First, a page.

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DECORATING

Authentic Paints Stay True Blue to Old Homes

September 21, 1996|From Associated Press

When it's time for some interior decorating in your home, think paint. Not only is interior painting an easy way to make a room look clean and fresh, but it's also relatively inexpensive--especially in an older home, where it can seem like everything costs more than new.

Thanks to the many fine companies that offer historical paint lines, old-house owners won't sacrifice authenticity when making this choice.

Paint and the way it's made have changed over the years--for the better. Some paint companies base historical paint lines on documentary research. Usually this includes old color cards, product information and books. Some go a step further and actually base a historical paint color on physical research conducted on existing period buildings.

Layer after layer of old paint is carefully removed until the original coating is found. Samples are taken of this original coating. Through laboratory analysis, a reproduction color, based on its pigment, is duplicated in a modern paint.

Remember, though, that tastes today aren't necessarily those of our ancestors. Some companies have modified period colors to appeal to the modern eye.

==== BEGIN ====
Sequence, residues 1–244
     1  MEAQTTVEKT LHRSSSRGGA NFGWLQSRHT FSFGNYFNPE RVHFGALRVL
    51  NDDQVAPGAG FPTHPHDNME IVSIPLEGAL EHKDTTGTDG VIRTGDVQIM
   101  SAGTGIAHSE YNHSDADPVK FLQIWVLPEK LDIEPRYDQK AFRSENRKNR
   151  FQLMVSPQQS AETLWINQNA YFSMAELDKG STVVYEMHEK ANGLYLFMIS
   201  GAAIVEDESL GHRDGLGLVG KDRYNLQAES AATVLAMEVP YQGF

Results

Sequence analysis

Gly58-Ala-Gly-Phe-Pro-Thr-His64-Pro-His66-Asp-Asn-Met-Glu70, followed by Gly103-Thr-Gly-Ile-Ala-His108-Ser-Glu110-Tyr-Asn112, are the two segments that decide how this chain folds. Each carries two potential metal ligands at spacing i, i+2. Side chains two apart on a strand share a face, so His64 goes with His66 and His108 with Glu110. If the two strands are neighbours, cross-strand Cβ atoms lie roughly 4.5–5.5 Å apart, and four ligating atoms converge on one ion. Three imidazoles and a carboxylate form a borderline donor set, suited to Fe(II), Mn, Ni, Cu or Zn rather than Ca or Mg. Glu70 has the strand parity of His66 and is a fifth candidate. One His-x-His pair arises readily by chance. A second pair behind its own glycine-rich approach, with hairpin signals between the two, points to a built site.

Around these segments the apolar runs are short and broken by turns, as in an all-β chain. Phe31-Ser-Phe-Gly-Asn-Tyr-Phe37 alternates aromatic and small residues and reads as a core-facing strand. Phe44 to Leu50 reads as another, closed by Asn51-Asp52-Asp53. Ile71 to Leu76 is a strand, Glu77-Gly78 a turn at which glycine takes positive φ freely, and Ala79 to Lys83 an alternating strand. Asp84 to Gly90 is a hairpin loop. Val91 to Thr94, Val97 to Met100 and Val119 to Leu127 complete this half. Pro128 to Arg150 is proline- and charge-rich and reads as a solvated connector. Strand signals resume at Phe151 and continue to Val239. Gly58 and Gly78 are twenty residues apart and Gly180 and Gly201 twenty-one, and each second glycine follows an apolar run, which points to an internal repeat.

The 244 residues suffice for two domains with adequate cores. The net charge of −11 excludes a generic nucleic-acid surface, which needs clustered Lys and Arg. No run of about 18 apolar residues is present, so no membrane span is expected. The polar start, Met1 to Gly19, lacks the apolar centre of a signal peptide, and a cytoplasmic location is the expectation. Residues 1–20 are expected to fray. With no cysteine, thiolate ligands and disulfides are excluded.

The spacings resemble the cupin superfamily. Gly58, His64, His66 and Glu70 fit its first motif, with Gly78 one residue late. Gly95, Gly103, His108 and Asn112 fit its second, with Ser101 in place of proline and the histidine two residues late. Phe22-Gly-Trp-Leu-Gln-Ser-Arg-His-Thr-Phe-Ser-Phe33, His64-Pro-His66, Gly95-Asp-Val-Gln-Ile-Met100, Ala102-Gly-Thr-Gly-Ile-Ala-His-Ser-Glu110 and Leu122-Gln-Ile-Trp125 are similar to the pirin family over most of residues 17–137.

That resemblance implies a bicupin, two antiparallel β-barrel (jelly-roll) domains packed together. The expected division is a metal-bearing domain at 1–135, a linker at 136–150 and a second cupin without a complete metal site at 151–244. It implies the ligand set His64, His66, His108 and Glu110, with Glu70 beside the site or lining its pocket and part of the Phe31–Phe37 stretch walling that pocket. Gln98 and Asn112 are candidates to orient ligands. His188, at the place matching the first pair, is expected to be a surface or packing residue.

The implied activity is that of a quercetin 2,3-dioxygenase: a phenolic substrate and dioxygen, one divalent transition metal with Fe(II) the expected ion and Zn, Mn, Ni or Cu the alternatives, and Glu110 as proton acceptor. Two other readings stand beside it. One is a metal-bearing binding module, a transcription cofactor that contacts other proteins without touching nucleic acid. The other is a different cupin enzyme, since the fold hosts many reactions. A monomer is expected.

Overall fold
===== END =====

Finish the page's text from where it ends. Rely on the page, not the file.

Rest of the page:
Unfortunately, many suppliers don't tell you when they've done this. If you're striving for a museum-like reproduction, study the color cards carefully. Otherwise, these slight adaptations shouldn't matter.

Prior to 1700, whitewash was a popular interior paint used in the Colonies. An inexpensive and easily available mixture of slaked lime and water, it resembled liquid plaster. (Some historic lines carry whitewash paints.)

Whitewash was easy to use and made things look clean and neat. The problem with whitewash was it didn't last long and washed off easily with water.

Milk paint is another that goes back to the founding of this country. It was often preferred for interior work because it didn't have an unpleasant odor, like the also available oil-based paints. Milk was used as the water and binder.

No matter what type of paint, if it was made before the onset of the commercial paint industry (1860-1870), it was hand-mixed. You didn't see the uniform consistency we take for granted today--it had a different texture and was a bit streaky.

The coloring agents or pigments used in early paints were largely earth-based. Some reds came from iron oxide, yellows from ocher, black from lampblack and blues from cobalt. Painters never got the same color twice. They had to prepare a big enough batch of paint to complete the job on hand to ensure uniformity of color.

Many old-house restorers long for the rather uneven look of old, milk-painted walls. One company still makes milk paint the old-fashioned way, using earth-based pigments for an authentic look: The Old-Fashioned Milk Paint Co., Box 222, Groton, MA 01450.

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